Want a healthier heart? Get at least a fifth of your daily calories from your breakfast and stop watching so much TV.
Those are the conclusions of two studies to be presented next week at the annual meeting of the American College of Cardiology.
Both studies were based on data on the living habits of 2,000 middle-aged and older Greeks who also underwent tests to check the condition of their arteries.
Those who ate energy-rich breakfasts—consuming at least a fifth of their daily calories at the breakfast table—had significantly less buildup of fatty plaque and stiffness in their arteries, compared to people who had a less caloric breakfast or skipped breakfast altogether, said a team led by Dr. Sotirios Tsalamandris. He’s a cardiologist at the First Cardiology Clinic at National and Kapodistrian University of Athens.
High-energy breakfasts typically included milk, cheese, cereals, bread and honey, the researchers said. Low-energy breakfasts typically included coffee or low-fat milk, along with bread with butter, honey, olives or fruit.
Arterial stiffness was abnormal in 15 percent of those who skipped breakfast, 9.5 percent of those who ate a low-energy breakfast and 8.7 percent of those who ate a high-energy breakfast. More plaque was found in in the neck arteries of 28 percent of people who skipped breakfast, 26 percent of those who ate a low-energy breakfast and 18 percent of those who ate a high-energy breakfast.
Clearer arteries mean much lower odds for heart attack and stroke, the researchers said.
When it came to television viewing, people who said they watched more than 21 hours of TV a week were nearly twice as likely to have serious plaque buildup in their arteries, the study found, compared to those who watched TV for seven hours or less a week.
People whose TV viewing topped 21 hours per week were also 68 percent more likely to have high blood pressure and 50 percent more likely to have diabetes than those who watched seven or less hours of TV a week, Tsalamandris’ group said.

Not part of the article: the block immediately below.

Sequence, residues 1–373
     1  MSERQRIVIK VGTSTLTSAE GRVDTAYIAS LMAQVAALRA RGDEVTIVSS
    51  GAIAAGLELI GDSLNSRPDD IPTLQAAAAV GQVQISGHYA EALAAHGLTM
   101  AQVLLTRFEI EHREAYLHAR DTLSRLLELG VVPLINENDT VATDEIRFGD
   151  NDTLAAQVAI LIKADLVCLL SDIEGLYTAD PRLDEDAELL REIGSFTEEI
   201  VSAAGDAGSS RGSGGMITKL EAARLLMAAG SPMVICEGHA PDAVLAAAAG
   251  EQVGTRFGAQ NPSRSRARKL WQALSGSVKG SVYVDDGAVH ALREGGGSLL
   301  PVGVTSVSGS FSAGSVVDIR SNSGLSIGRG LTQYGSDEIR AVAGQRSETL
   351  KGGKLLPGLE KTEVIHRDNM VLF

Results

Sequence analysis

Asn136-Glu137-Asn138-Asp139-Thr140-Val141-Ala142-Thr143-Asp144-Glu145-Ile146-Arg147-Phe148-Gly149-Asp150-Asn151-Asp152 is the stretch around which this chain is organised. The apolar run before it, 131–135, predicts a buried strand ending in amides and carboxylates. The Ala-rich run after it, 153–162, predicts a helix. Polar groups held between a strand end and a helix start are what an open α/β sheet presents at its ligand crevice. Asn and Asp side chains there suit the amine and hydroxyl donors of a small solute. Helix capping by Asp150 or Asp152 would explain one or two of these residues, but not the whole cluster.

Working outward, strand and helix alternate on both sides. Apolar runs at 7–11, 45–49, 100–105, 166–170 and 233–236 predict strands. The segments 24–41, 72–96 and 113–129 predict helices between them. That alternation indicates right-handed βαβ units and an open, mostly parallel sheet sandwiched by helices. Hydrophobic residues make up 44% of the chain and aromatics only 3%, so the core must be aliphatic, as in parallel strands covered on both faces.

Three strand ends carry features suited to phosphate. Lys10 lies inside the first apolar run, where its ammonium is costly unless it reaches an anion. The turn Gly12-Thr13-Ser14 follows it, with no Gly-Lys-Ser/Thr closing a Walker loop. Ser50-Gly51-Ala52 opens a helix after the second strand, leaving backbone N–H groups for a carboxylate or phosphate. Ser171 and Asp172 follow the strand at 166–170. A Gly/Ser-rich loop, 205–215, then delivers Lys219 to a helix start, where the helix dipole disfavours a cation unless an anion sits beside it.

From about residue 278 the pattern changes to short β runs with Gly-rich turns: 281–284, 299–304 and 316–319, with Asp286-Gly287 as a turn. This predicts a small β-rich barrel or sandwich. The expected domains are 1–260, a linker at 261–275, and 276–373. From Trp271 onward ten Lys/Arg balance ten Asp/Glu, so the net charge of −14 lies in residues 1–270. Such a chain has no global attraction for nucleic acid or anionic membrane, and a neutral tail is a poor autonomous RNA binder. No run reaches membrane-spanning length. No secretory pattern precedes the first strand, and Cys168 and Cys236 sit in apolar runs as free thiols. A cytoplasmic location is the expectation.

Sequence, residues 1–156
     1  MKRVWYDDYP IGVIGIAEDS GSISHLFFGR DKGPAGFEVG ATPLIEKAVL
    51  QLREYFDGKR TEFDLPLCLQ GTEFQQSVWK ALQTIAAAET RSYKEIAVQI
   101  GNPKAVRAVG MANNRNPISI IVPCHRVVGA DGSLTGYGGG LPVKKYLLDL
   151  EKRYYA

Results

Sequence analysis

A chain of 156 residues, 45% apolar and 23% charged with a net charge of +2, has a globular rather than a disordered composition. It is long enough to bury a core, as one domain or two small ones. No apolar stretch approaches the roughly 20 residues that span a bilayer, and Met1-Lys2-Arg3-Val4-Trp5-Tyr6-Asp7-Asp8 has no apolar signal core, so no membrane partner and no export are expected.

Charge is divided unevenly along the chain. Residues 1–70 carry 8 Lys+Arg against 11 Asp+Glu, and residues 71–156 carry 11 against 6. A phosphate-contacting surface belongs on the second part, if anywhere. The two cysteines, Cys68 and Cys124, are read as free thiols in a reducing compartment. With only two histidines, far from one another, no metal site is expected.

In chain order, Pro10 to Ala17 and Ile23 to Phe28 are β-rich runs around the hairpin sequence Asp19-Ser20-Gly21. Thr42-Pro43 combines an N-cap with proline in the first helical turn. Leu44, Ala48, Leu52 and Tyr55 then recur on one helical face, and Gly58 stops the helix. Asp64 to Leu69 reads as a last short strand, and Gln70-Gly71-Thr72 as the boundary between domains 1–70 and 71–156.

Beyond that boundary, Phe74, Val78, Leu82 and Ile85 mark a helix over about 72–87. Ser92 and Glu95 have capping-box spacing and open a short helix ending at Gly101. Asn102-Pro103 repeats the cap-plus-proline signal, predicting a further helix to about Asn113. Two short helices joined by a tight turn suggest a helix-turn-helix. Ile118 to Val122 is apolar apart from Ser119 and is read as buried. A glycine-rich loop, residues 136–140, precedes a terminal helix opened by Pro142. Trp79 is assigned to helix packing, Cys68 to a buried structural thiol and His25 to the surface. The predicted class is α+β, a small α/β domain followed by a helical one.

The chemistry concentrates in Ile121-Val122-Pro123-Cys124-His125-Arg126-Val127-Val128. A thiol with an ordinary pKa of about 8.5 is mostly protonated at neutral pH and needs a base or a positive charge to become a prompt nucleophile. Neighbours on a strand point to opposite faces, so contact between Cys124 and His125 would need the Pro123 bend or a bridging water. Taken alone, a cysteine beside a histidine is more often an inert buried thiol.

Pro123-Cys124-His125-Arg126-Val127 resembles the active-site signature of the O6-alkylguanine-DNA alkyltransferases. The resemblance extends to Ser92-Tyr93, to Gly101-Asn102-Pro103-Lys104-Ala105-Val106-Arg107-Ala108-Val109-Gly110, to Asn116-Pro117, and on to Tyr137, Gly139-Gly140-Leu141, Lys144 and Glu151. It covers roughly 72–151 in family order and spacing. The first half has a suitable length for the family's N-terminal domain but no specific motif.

The studies couldn’t prove cause and effect.
Nevertheless, “our results emphasize the importance of avoiding prolonged periods of sedentary behavior,” Tsalamandris said in an ACC news release.
“These findings suggest a clear message to hit the ‘off’ button on your TV and abandon your sofa,” Tsalamandris said in an ACC news release. “Even activities of low energy expenditure, such as socializing with friends or housekeeping activities, may have a substantial benefit to your health compared to time spent sitting and watching TV.”
Indeed, numerous studies have suggested that just the simple act of sitting for long periods is detrimental to health, even for people who regularly exercise.
The study also shows that a “high-energy breakfast should be part of a healthy lifestyle,” Tsalamandris said. “Eating a breakfast constituting more than 20 percent of the total daily caloric intake may be of equal or even greater importance than a person’s specific dietary pattern, such as whether they follow the Mediterranean diet, a low-fat diet or other dietary pattern.”
Heart experts in the United States agreed that staying active and eating right are key to heart health.
“This study has a very powerful public health warning, and reinforces the need for all people of all ages, not just patients, to move and avoid prolonged periods of inactivity,” said Dr. Guy Mintz, who directs cardiovascular health at Northwell Health’s Sandra Atlas Bass Heart Hospital in Manhasset, N.Y.
He believes that society’s increasing fixation on screens—TV, computers, smartphones—is keeping children and adults from living healthy lives.
“The more sedentary a person is the greater risk for high blood pressure, diabetes, obesity and high cholesterol,” Mintz said. More should be done to boost levels of activity at school and in the workplace, he believes.
As for the findings on breakfast, cardiologist Dr. Marcin Kowalski said they made intuitive sense.
“Patients who eat breakfast in the morning are also likely to select other healthy choices,” he reasoned. “Healthy eating and exercise have been shown to decrease stress, which is correlated with a lower risk of cardiovascular disease.” Kowalski directs cardiac electrophysiology at Staten Island University Hospital in New York City.
But Mintz wasn’t convinced by the breakfast findings.
“The authors conclude that the correlation between a high energy breakfast and heart health is unknown,” he noted. “I feel that more research needs to be developed before a definitive conclusion can be drawn on this correlation. I have many patients who eat a modest breakfast or no breakfast and still have very healthy lifestyles with low cardiovascular risk.”
Because these findings were presented at a medical meeting, they should be considered preliminary until published in a peer-reviewed journal.